The FAA last week published guidelines detailing the prohibition of personal electronic devices such as smartphones, laptops and tablet computers, on the flight decks of Part 121 aircraft when the aircraft is in operation, unless those devices have been specifically approved for flight.
Classes of computers
Ingenio Aerospace of Montreal and Texas-based DAC International are introducing at EBACE 2014 a number of Ingenio’s “Smart Solutions” products. The Ingenio devices are designed to help aircraft manufacturers and interior refurbishment and completion centers deal with the rapid pace of smart-device technological change.
The suite of products–Smart Cabin Arm, Smart Cockpit Arm and Smartphone Holder–accommodates different formats and supports tablets, electronic flight bags, smartphones and MP3 players.
Three more companies have joined Greenwich AeroGroup’s dealer network for the installation and certification of LiveAero Broadband satcom systems. They are West Star Aviation, with facilities in Grand Junction, Colo., East Alton, Ill. and Columbia, S.C.; Pro Star Aviation, with a facility in Londonderry, N.H., and Aviation Partners Group, with shops in Punta Gorda, Fla., Moscow, Russia and Kiev, Ukraine.
Ingenio Aerospace introduced a series of products designed to help aircraft manufacturers and interior refurb and completion centers deal with the rapid pace of smart-device technological change. Ingenio’s solution replaces in-cabin connectors with a USB-based receptacle into which various smartphone or tablet arms can be attached. The arms, which can handle as much as 250 pounds, include internal wiring for device charging. Devices fit into an Ingenio SmartPlate, which holds the smartphone or tablet securely and also contains the connector that fits the device.
Although in-flight fires originating in personal electronic devices are relatively rare, they often attract a good deal of attention and motivate operators to be prepared for the possibility. With that in mind, Industrial Energy Products (IEP) has been offering a growing array of fire-containment bags to the business aviation industry since 2009.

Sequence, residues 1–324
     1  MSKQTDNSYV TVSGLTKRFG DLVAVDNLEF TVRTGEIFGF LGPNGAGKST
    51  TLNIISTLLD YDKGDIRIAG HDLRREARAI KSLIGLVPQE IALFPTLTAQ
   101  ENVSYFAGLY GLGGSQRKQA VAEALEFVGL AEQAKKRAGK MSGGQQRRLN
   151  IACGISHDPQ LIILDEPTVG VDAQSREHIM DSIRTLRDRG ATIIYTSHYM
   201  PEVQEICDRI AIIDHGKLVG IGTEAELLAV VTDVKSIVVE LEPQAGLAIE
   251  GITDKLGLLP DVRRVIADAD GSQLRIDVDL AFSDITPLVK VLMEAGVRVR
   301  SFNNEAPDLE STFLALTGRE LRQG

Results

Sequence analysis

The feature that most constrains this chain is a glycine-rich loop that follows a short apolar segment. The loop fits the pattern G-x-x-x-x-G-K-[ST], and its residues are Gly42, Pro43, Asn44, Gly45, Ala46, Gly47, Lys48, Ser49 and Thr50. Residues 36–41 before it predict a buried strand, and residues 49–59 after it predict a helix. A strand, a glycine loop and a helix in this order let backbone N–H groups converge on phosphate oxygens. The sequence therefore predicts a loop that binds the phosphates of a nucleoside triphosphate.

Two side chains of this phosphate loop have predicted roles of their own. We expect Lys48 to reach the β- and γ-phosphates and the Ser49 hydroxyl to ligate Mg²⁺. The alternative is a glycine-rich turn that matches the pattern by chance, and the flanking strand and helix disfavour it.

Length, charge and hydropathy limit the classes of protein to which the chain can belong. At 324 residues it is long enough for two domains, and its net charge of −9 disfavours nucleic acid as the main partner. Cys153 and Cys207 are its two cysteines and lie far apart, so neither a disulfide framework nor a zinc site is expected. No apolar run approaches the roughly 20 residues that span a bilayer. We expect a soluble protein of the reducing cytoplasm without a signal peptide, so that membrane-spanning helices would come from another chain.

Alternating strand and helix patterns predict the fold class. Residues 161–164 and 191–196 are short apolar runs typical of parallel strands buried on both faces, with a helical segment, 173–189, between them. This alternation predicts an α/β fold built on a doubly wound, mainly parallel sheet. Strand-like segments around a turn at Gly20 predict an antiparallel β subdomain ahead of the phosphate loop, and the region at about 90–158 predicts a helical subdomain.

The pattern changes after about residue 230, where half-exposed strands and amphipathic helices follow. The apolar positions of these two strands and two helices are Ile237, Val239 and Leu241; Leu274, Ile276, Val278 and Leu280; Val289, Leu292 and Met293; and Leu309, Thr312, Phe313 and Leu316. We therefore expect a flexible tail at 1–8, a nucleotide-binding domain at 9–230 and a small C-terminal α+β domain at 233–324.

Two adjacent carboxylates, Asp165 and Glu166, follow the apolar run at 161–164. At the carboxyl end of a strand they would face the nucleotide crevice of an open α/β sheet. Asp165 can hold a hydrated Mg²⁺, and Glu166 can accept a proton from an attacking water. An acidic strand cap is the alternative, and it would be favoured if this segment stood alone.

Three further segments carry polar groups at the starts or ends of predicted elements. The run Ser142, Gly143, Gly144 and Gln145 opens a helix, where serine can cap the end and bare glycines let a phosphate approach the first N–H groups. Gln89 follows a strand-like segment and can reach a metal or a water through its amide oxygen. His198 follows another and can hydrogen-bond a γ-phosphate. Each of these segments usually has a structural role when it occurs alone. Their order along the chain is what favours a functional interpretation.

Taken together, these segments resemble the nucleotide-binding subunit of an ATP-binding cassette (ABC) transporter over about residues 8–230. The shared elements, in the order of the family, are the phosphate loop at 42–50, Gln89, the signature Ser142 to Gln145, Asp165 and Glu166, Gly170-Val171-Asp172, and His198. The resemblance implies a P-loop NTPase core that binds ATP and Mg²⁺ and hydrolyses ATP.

Elliott Aviation is pursuing STCs for Aircell’s new ATG 2000 broadband system in the Hawker 800/850/900, Phenom 300, King Air 350 and King Air B200/B200GT. It hopes to have the approval in hand by next year’s first quarter. The Aircell ATG 2000 is a cabin broadband wireless system aimed at midsize and light jets and turboprops. It allows passengers to connect to the Internet on their laptops, smartphones and tablets.
Aircell’s Gogo Biz in-flight Internet service for business aircraft will be expanded to include coverage over Canada starting in the first quarter of next year, the company announced today. At present, Gogo Biz allows passengers and flight crews to have high-speed Internet access above 10,000 feet in the continental U.S. and portions of Alaska, using their own Wi-Fi enabled laptops, tablets, smartphones, electronic flight bags and other mobile devices. No roaming fees will be assessed when using Gogo Biz in Canada, Aircell noted.
Greenwich AeroGroup is offering demonstrations of LiveTV’s satellite communications LiveAero Wi-Fi broadband data and voice system this week at Heli-Expo. The LiveAero system uses Iridium’s OpenPort Aero broadband service. It allows users to stay connected via Wi-Fi to their smartphone, tablet or laptop from takeoff to landing anywhere in the world at data speeds up to 300 kbps. According to Greenwich, this unique satellite configuration and antenna design allows the signal to be received under the helicopter main rotor, permitting signal connectivity throughout the flight.
Virtually none of the growth in the general aviation field in the next decade will happen in the U.S. A certain business jet company is bound to go under or be acquired. A forthcoming aircraft model will be a flop.
The $12,500 price tag on ASiQ’s mobile phone app might seem pricey, but by comparison with the $500,000 private jet mobile phone systems currently in service, it seems reasonable.
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